Attention: Here be dragons

This is the latest (unstable) version of this documentation, which may document features not available in or compatible with released stable versions of Godot.

Usando RigidBody

¿Qué es RigidBody?

A rigid body is one that is directly controlled by the physics engine in order to simulate the behavior of physical objects. In order to define the shape of the body, it must have one or more Shape3D objects assigned. Note that setting the position of these shapes will affect the body's center of mass.

Cómo controlar un cuerpo rígido

A rigid body's behavior can be altered by setting its properties, such as mass and weight. A physics material needs to be added to the rigid body to adjust its friction and bounce, and set if it's absorbent and/or rough. These properties can be set in the Inspector or via code. See RigidBody3D and PhysicsMaterial for the full list of properties and their effects.

Existen varios modos de controlar el movimiento de un cuerpo rígido, dependiendo de la aplicación deseada.

If you only need to place a rigid body once, for example to set its initial location, you can use the methods provided by the Node3D node, such as set_global_transform() or look_at(). However, these methods cannot be called every frame or the physics engine will not be able to correctly simulate the body's state. As an example, consider a rigid body that you want to rotate so that it points towards another object. A common mistake when implementing this kind of behavior is to use look_at() every frame, which breaks the physics simulation. Below, we'll demonstrate how to implement this correctly.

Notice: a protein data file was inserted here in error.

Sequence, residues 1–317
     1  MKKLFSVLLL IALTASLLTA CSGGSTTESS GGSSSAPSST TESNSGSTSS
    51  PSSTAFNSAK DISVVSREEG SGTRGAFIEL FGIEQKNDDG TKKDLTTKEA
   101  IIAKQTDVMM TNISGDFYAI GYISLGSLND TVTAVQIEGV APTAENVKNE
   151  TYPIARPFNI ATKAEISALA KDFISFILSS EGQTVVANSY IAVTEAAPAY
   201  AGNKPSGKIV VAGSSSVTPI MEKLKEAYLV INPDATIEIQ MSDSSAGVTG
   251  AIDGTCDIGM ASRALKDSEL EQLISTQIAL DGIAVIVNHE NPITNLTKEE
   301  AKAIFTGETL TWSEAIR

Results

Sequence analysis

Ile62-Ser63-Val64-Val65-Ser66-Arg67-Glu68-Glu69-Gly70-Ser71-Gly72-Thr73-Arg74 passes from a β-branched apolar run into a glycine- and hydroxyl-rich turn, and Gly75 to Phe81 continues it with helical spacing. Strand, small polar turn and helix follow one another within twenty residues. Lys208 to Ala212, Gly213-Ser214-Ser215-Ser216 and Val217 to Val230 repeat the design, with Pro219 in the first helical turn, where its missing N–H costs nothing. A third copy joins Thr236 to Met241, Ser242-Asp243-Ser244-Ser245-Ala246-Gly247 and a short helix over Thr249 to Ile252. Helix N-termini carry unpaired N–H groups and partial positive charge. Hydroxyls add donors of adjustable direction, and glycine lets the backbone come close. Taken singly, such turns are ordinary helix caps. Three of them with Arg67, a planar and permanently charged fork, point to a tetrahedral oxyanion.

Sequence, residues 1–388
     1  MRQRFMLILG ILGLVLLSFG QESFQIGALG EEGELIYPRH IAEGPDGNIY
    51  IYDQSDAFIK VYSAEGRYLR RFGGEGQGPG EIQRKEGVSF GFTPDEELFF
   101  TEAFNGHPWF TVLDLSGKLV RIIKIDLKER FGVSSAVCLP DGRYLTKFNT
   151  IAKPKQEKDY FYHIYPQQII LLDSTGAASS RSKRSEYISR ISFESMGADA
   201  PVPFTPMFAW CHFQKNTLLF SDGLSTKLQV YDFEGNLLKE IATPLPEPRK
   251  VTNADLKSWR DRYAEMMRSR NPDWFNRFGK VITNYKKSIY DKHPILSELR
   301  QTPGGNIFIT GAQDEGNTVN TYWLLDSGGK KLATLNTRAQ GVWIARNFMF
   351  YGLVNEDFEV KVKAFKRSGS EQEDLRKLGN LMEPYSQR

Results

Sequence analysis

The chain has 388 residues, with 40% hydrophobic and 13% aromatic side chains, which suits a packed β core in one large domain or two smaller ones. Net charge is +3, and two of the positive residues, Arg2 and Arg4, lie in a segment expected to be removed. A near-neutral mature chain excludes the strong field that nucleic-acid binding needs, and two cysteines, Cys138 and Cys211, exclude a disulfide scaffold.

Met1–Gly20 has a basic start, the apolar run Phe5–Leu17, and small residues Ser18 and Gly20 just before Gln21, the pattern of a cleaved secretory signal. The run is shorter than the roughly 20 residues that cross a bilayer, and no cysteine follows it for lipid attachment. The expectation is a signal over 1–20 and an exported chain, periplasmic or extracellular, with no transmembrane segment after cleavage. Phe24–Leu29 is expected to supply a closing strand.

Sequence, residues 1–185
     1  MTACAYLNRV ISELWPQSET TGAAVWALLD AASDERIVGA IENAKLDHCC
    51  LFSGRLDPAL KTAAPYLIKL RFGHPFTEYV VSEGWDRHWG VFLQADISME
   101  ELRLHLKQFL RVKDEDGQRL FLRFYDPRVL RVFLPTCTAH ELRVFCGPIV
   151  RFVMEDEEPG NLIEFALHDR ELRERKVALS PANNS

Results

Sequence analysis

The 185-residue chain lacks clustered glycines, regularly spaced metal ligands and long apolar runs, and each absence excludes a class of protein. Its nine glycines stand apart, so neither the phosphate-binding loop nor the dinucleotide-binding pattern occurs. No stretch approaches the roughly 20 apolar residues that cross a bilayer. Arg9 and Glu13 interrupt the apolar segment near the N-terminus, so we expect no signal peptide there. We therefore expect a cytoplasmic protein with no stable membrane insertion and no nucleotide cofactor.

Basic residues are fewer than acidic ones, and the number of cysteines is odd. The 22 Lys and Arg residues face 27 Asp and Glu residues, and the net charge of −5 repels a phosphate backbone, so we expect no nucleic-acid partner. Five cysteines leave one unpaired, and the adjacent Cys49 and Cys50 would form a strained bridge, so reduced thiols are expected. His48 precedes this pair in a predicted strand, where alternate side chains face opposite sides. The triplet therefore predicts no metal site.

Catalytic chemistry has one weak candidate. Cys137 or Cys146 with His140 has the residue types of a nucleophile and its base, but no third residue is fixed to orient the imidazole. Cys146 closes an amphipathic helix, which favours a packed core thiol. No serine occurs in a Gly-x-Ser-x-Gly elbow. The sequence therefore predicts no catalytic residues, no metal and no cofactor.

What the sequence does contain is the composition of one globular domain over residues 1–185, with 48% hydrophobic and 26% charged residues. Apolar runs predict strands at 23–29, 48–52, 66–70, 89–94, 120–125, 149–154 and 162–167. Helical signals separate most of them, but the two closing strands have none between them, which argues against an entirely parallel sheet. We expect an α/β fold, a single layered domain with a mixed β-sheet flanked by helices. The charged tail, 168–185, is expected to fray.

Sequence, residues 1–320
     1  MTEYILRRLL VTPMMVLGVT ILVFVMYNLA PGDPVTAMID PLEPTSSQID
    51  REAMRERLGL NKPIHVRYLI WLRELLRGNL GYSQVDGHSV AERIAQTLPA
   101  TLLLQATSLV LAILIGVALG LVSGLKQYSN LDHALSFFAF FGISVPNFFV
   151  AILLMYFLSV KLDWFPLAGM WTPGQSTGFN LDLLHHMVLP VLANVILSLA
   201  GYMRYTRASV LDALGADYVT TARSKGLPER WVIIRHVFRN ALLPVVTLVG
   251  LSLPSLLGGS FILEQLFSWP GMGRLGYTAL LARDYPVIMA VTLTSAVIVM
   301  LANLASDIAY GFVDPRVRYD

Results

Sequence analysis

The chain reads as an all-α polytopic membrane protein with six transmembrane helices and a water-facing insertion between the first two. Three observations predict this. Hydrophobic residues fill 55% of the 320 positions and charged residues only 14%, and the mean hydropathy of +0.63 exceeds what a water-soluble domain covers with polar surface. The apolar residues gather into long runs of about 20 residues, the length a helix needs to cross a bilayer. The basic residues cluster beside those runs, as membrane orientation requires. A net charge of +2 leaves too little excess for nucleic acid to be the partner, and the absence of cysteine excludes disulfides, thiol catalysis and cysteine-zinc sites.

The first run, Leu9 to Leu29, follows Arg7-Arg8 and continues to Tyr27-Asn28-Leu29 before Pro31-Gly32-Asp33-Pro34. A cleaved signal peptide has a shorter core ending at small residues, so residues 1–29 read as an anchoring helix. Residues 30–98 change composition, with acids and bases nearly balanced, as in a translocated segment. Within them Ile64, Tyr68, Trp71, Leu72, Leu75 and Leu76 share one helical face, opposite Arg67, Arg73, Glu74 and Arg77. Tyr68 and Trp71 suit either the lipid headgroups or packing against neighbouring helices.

El hecho de que no puedes usar métodos set_global_transform() o look_at() no quiere decir que no puedes tener control completo de un cuerpo rígido. Esto se puede conseguir usando la llamada interna _integrate_forces(). En esta función, puedes agregar fuerzas, aplicar impulsos o asignar la velocidad para conseguir el movimiento deseado.

El método "look at" (mira a)

As described above, using the Node3D's look_at() method can't be used each frame to follow a target. Here is a custom look_at() method that will work reliably with rigid bodies:

extends RigidBody3D

func look_follow(state, current_transform, target_position):
    var up_dir = Vector3(0, 1, 0)
    var cur_dir = current_transform.basis * Vector3(0, 0, 1)
    var target_dir = current_transform.origin.direction_to(target_position)
    var rotation_angle = acos(cur_dir.x) - acos(target_dir.x)

    state.angular_velocity = up_dir * (rotation_angle / state.step)

func _integrate_forces(state):
    var target_position = $my_target_node3d_node.global_transform.origin
    look_follow(state, global_transform, target_position)

This method uses the rigid body's angular_velocity property to rotate the body. It first calculates the difference between the current and desired angle and then adds the velocity needed to rotate by that amount in one frame's time.


This script will not work with rigid bodies in character mode because then, the body's rotation is locked. In that case, you would have to rotate the attached mesh node instead using the standard Node3D methods.